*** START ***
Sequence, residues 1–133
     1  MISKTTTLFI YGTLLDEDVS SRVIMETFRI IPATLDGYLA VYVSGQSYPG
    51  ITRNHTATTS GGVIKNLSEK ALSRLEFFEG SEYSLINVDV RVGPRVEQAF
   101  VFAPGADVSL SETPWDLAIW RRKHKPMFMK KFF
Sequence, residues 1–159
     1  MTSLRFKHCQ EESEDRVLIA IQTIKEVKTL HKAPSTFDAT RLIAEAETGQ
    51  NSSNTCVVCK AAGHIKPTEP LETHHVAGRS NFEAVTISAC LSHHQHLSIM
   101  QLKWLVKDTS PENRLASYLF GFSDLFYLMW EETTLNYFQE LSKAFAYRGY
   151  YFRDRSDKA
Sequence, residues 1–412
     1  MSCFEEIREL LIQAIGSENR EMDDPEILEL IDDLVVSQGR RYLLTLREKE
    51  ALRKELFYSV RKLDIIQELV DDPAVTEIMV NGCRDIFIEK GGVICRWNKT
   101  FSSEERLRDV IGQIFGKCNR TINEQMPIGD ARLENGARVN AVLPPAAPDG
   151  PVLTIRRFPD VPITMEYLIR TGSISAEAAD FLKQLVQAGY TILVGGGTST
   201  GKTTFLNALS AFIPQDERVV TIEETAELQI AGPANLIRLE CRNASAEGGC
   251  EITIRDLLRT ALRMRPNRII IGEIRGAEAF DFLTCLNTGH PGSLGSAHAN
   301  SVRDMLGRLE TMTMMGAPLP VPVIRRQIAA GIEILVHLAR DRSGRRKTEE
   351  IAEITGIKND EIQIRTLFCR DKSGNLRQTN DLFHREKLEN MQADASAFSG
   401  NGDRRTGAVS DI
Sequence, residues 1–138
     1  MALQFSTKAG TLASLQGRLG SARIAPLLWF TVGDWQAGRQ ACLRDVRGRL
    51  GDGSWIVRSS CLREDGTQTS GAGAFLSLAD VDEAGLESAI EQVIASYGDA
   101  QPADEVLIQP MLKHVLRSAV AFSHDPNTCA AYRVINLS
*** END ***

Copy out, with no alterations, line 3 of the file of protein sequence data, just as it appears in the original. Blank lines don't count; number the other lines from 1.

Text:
    51  ITRNHTATTS GGVIKNLSEK ALSRLEFFEG SEYSLINVDV RVGPRVEQAF